The easiest option by far will be hiring a car with a driver (hopefully one who speaks your language). Check out GoTrip for a hassle free option with no haggling. It is also easy to find a driver around the old town in Tbilisi. Taxis are fairly cost effective for local journeys.
For short trips around Georgian cities it is probably worth downloading a taxi app. Bolt is perhaps the easiest one for foreigners and also YandexGo.
2. Car Rental
Self-drive hire cars can be booked with relative ease. It’s a good idea to opt for fully comprehensive insurance as the roads and the driving in Georgia is likely to be very different from home.
If you are looking for the best car rental service, here it is! Localrent is an international car rental booking service that is present worldwide. With Localrent you will definitely find the perfect car for your trip in Georgia
Marshrutka are local minibus (Shared taxi) services which run both in cities and beyond and are a very cost effective way to get about. They link up all the villages in rural areas as well as the cities. Be prepared for a potentially long and cramped trip.
From one of the 2 bus stations in Tbilisi there are regular Marshrutka services to Gudauri for example. Marshrutka’s can now be booked online through Allbus which can be displayed in English. Prices are a little cheaper if you simply turn up at the bus station, however pre-booking does allow you to plan your journey with confidence.
Rail services link up the lowland areas of country pretty well. Whilst not the easiest services to understand or book, travelling by train in Georgia would make for an interesting little adventure on its own.
Check the train timetable and book online here. You can also buy tickets at the train station.
Internal flights may be a convenient option also, with flights possible from Tbilisi and Kutasi to difficult to reach regions like Mestia. Vanilla Sky offer these passenger flights to Mestia and you can check their timetable here.
Be warned though that due to weather conditions these flights are often cancelled and as a result tickets get booked up fast.
A Brief Introduction To Georgian Food
Georgian food is delicious and makes the most of seasonal local produce. It’s worth trying out a range of dishes, here is a list of some to consider:
- Khachapuri: This is a kind of cheesy bread found everywhere. It comes in a few different regional variations, even one with an egg on top. Basically if you had to live on bread and cheese, this is the answer, it’s delicious.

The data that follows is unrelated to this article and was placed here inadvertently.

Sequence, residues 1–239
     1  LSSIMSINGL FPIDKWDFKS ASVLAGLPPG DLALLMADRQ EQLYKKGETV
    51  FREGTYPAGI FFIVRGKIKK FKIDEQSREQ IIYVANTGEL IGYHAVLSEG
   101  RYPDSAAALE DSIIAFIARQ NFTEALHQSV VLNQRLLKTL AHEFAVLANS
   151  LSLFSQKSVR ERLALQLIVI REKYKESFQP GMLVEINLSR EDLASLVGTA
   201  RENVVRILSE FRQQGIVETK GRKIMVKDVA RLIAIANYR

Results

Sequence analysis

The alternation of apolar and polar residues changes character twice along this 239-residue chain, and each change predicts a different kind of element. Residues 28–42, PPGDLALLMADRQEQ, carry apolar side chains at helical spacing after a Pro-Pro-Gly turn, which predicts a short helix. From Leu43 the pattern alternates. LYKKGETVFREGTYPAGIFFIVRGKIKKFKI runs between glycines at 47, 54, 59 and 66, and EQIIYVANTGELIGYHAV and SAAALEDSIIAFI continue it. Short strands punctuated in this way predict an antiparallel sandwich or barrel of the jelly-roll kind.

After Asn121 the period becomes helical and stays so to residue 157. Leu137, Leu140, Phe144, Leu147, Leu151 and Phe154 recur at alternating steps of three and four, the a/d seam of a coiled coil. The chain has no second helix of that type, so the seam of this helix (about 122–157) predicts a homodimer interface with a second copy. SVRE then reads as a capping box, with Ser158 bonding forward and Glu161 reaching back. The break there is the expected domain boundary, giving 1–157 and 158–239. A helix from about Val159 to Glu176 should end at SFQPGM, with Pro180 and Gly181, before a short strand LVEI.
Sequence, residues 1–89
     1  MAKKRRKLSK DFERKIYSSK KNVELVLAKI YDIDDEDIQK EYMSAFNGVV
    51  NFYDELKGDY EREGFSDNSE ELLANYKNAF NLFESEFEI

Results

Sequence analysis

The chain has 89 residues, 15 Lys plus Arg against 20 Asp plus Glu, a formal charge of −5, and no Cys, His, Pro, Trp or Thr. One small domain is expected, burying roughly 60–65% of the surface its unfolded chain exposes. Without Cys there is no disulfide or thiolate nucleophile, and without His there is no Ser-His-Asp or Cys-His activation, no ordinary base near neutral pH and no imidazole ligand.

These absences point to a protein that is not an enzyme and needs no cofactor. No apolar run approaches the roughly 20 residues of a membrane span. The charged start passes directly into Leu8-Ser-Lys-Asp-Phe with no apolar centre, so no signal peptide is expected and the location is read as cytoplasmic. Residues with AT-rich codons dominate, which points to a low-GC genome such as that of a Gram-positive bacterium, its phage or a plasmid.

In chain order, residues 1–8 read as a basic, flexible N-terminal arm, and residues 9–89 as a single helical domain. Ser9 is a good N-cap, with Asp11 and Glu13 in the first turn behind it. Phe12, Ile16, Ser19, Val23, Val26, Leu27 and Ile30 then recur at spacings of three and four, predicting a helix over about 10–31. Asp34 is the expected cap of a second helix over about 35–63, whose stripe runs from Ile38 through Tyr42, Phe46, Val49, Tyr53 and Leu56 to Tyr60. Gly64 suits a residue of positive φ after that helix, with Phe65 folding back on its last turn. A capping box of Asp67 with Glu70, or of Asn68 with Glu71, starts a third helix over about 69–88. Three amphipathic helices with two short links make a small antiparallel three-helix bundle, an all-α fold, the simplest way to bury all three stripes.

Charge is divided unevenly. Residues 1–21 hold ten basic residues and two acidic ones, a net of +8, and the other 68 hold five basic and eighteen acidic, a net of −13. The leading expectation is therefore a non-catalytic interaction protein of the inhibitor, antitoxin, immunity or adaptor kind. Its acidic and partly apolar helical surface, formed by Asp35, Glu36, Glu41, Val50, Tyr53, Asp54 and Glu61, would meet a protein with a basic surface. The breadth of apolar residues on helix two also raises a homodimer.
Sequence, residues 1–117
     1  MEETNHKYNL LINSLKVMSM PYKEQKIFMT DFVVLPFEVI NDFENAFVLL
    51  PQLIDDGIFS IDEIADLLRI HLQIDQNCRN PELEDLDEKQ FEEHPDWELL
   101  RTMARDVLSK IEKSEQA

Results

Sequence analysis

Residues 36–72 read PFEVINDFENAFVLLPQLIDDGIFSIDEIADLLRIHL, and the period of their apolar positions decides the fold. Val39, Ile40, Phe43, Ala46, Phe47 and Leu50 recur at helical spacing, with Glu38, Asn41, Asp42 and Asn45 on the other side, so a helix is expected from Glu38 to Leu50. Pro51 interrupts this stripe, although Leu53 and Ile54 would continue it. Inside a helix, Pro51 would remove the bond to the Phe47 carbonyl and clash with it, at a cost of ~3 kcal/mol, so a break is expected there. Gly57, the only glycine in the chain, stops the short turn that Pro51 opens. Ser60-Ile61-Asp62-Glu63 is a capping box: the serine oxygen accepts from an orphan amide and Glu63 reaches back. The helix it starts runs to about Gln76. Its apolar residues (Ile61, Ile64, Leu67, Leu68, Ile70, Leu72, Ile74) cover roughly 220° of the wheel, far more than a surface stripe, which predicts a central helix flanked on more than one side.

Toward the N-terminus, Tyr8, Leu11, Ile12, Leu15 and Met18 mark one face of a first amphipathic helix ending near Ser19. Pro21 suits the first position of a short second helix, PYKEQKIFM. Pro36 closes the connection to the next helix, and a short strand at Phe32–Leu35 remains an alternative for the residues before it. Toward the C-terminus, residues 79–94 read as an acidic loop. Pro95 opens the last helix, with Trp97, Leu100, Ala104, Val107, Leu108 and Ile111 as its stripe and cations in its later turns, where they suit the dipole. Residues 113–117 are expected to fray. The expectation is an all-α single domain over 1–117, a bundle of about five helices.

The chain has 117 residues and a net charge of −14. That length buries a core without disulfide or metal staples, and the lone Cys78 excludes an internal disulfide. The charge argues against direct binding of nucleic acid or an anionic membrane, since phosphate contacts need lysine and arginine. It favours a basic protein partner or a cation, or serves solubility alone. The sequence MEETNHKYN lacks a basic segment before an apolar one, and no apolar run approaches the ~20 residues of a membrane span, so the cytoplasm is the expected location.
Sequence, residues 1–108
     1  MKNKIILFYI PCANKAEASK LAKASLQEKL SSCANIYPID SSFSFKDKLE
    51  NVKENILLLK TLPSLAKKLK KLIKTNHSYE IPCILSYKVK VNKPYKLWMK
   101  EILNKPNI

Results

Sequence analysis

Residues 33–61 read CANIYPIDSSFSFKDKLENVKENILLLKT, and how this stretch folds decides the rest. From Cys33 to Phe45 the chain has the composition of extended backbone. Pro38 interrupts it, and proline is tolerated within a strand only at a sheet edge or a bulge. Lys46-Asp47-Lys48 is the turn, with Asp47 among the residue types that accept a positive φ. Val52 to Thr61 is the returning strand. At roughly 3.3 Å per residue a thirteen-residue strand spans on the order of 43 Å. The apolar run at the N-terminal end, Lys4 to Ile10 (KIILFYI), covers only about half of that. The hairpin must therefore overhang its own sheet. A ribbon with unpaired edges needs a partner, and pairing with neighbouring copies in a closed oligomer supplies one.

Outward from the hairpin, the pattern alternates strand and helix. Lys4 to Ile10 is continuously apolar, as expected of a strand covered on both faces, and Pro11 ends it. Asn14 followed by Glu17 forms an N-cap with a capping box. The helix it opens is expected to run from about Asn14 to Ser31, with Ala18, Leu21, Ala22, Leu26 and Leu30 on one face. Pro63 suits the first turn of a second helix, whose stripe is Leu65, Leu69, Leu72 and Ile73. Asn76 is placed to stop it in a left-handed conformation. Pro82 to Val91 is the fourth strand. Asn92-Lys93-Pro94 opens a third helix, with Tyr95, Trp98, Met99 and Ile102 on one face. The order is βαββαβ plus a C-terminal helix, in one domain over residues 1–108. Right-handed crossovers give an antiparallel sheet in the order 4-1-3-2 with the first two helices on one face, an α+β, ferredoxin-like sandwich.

- Khinkali: Considered by some to be a national dish, these are Georgian dumplings and come with a variety of fillings, often lamb or beef in a broth which spills out when you bite into them. They tend to be rather large and very filling.
- Shkmeruli is a traditional roast chicken dish with garlic sauce and is hugely popular in Georgia.
- Lobio is a bean soup/stew served in a clay pot. It’s delicious although it can get a bit windy afterwards!
- Mtsvadi is a Georgian Shish kebab often of pork, beef or lamb.
And the list goes on and on. It’s all delicious. Don’t expect to loose weight on a trip to Georgia!
Vegetarians will find Georgia a little bit more of a challenge, however there is a pretty good selection of meat-free options.
Try this popular starter on your visit:
- Badrijani Nigvzit is roasted eggplant with walnut paste. Yum, yum, yum.
And Of Course, Georgian Wine
We don’t come across Georgian wine in the west much but they have been producing wine in Georgia for 8000 years. The grape varieties grown are specific to Georgia and the traditional method of production involves fermenting the grapes in clay Queries which are set into the ground.
The process involves using the whole grape to produce an almost black wine with a very distinct flavour. Once the wine is bottled the residue is then distilled to make Cha Cha, a type of brandy which is popular in Georgia and is supposedly good for digestion (good for a hangover too!)
Georgia also employs more modern wine making techniques which results in a wide range of delicious world class wines.
A Summary of the Best Things to do in Georgia
Georgia is a wonderfully diverse country packed with culture and heritage. Whether you want to hike the wild Caucus mountains, taste wine in the country where it was invented or marvel at the vast array of churches and cathedrals, Georgia surely has something for every intrepid traveller.
In this guide I have outlined the best Georgian destinations that you could include on a visit to Georgia and have hopefully conveyed why I love this country so much. There are many other places you could include on your tour but these are certainly a good place to start.
Have you visited Georgia? Let me know your favourite destination in this fabulous country.